By Nathan Gill and Tom Cahill

Jan. 25 (Bloomberg) — Raw-materials producers that sell to China may be hurt by slowing demand because the nation’s real estate market is poised for a “stumble,” according to hedge fund manager James Chanos.

A Chinese credit-driven property bubble with “far-reaching impact” may be overheating, threatening demand for industrial materials used in buildings, Chanos said.

“One needs to look at building materials globally, increasingly they’re priced on the margin for the China bid,” Chanos, the founder of Kynikos Associates Ltd., said today at a conference in London. “If the China bid turns into a China offer, there’s going to be an air pocket in the prices of many of these industrial commodities that are used in constructing homes and office buildings.”

China’s growth rate in the fourth quarter accelerated at the fastest pace since 2007, as the nation’s $586 billion stimulus spending and record lending stoked car and property sales. That’s raised concerns the government may increase interest rates or take other measures to curb inflation and limit asset bubbles.

Chanos was one of the first investors to foresee the 2001 collapse of Houston-based energy company Enron Corp. His hedge fund is known for shorting stocks, or wagering on shares of companies he expects to fall. In a short sale, investors borrow shares with the intention of buying the stock back at a lower price and returning it to the lender.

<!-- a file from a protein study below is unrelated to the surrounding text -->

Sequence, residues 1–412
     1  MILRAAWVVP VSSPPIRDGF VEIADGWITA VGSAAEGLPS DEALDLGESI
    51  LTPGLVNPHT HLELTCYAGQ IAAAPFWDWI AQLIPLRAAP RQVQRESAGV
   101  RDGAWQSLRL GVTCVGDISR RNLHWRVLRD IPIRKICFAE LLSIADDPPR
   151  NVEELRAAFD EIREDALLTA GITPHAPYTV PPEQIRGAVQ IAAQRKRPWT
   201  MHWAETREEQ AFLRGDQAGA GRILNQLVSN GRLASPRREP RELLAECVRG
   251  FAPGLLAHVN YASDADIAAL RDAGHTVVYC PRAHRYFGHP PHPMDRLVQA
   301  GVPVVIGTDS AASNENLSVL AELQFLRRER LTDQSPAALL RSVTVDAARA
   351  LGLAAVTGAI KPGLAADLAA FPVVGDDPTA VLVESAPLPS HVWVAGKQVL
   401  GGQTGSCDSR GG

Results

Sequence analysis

‘Overindulgence’

“This is not a call for an impending crash,” Chanos said. “What we are saying is that there are classic pockets of overheating and overindulgence.”

China’s property-market data may be masking the degree that speculation is driving prices in some of the larger cities, Ardo Hansson, the World Bank’s chief economist for China, said today in an interview. Government data this month showed Chinese real- estate prices climbed the most in 18 months in December, highlighting a struggle to rein in speculation while sustaining an economic rebound.

Steel prices in China, the world’s biggest producer of the metal, dropped the most in four months last week as inventories piled up and concerns grew that the government may curb lending.

Inventories of steel products, including holdings by traders, producers and end users, are estimated to exceed 50 million metric tons, setting a record, said Ma Haitian, an analyst with Beijing Antaike Information Development Co. That’s compared with an estimated 18 million tons a year ago, he said.

To contact the reporter on this story: Nathan Gill in New York at ngill4@bloomberg.netTom Cahill in London at tcahill@bloomberg.net

Last Updated: January 25, 2010 12:04 EST

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